Rise of the Rocket Girls: The Women Who Propelled Us, From Missiles to the Moon to Mars
by Nathalia Holt
Little, Brown & Company, 2016
The space industry was a dominating presence in my early childhood. My father was a technical writer for NASA’s Jet Propulsion Lab (JPL), and my grandfather was retired from Aerojet, where he had helped to develop the fuel for the Saturn V moon rockets.
One of my favorite childhood memories is of visiting JPL on Family Day, peeking into clean rooms at satellites under construction and taking photos in front of scale models of spacecraft. I also loved dinner at my grandparents’ house, where Grandpa would often entertain us with stories of his Aerojet days.
Those stories were utterly fascinating, full of massive explosions and mad scientists – to the point that I sometimes wondered whether he might be embellishing things. Then about five years ago, I watched a documentary on the early Soviet space program. I sat mesmerized as an old Russian chemist told stories that could have come straight from my grandfather’s mouth. And the documentary makers had archival footage to back it up. It really had been as crazy as Grandpa described.
I was content as a kid just to listen to my father and grandfather’s stories, but ever since watching that documentary, I’ve wanted to learn more on my own. Nathalia Holt’s Rise of the Rocket Girls caught my attention for that reason, and because it dovetailed with both my father and grandfather’s histories.
Rocket Girls tells the story of JPL and Aerojet’s women “computers” – mathematicians who manually performed the complex calculations that underpinned the early space program – and the evolution of their work into computer programming and space engineering. The two labs were founded by the same people and, in their early days, sometimes shared resources. Holt tells their joint history to the point of their divergence, then focuses exclusively on JPL.
According to Holt, it was not uncommon for companies to employ women computers in the 1940s and ’50s. Calculating was seen as a kind of secretarial function, despite the higher-level math skills required for it. Computers typically had some college training, though not necessarily a degree, and worked for a few years until they married or began having children.
JPL, however, was different. Its entire computer department – including the manager – was female, and the lab actively encouraged long-term career development for the women.The environment was certainly not perfect, especially in the lab’s earliest days, but overall, both JPL and the women computers continually broke new ground for professional equality. When computer programming entered the picture, the lab provided training so the women’s skills could evolve with the industry – other businesses simply laid off their women computers and gave the programming jobs to men. And at a time when it was common practice to fire a woman because of marriage or pregnancy, JPL offered flexible schedules and other unheard-of accommodations so the computers could combine motherhood with full-time employment.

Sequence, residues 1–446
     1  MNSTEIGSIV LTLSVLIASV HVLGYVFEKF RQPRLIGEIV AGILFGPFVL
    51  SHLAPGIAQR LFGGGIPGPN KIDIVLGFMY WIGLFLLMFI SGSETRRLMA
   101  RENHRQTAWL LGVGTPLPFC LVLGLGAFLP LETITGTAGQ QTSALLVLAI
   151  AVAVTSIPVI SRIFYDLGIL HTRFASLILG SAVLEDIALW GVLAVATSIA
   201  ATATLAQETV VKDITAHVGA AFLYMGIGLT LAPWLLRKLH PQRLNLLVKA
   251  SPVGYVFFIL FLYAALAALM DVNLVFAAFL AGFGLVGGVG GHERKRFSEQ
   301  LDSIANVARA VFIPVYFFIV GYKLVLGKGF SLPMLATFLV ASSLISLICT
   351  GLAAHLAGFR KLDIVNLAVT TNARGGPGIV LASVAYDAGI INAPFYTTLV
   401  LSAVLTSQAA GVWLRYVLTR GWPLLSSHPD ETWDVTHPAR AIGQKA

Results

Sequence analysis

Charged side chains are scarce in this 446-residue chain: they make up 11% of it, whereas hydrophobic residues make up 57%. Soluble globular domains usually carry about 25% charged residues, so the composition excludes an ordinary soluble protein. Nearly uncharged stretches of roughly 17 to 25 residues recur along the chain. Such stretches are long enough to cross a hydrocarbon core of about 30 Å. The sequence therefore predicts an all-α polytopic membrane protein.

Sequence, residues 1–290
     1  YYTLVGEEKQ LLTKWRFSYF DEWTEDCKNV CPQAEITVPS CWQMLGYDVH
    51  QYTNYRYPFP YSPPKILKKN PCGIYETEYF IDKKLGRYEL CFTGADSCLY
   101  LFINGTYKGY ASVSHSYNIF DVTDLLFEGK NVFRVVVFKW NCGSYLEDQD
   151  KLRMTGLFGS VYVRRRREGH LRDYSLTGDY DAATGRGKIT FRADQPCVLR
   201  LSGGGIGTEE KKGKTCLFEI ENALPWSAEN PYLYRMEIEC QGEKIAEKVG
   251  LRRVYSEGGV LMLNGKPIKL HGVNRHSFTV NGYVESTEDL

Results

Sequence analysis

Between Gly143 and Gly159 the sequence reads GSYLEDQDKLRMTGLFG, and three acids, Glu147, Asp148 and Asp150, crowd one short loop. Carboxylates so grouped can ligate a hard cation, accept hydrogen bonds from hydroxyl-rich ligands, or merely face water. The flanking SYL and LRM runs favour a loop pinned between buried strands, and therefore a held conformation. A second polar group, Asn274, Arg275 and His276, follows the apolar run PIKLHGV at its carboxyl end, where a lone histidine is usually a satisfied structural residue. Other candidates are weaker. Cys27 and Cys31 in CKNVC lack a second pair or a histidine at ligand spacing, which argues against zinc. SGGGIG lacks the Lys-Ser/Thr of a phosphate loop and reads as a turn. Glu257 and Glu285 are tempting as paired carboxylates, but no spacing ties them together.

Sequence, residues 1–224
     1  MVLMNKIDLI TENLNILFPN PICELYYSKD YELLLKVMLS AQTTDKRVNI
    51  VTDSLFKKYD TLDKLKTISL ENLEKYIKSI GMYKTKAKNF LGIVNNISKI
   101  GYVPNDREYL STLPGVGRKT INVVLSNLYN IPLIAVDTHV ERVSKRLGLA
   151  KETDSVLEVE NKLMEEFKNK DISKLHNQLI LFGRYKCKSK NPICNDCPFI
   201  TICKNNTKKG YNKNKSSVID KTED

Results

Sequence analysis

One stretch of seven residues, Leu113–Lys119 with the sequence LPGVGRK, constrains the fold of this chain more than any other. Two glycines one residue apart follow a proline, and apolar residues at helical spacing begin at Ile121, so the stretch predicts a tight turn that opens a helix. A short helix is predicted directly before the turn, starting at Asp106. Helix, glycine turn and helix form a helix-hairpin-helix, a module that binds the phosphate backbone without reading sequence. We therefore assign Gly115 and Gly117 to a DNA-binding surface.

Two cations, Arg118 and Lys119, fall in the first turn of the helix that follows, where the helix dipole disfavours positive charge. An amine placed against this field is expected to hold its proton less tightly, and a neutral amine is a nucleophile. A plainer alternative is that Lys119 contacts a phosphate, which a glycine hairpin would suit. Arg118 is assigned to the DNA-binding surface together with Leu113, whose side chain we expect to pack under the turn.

It was this last thread of the story that most inspired me. I knew plenty of wonderful women growing up, but 80 percent of them (including my own mother) were full-time homemakers. Even after I graduated from college and had my own career, most of my female coworkers were either childless or had grown children. So when I went back to full-time employment a few years ago, I had almost no personal examples for juggling my joint roles of marketing director and mother to a young child.
Holt covers this juggling act at length, outlining the women’s struggles, coping mechanisms, and successes. She also delves into their reasons for persevering – how unsuited they felt to homemaking and the deep sense of fulfillment they gained from their work. This latter material was so important to me. I recognized myself in the women who needed the intellectual stimulation of challenging projects and the satisfaction of seeing them through to completion. It reminded me of something I said to my husband soon after returning to full-time employment: “I didn’t realize how desperately I needed to do something I feel good at, and be appreciated for it.”
Overall, it was quite an uplift to read the story of these smart, pioneering women who took the plunge into a new industry and paved the way for future generations of women engineers. Some of them stayed with NASA for decades – in fact, Susan Finley, who started her career in 1958, is still there. I came away from Rocket Girls with an “If they could do it, what’s my excuse?” mindset. It bolstered my determination to be the best version of myself, both as a mother and an employee, and my belief that it’s possible to do so.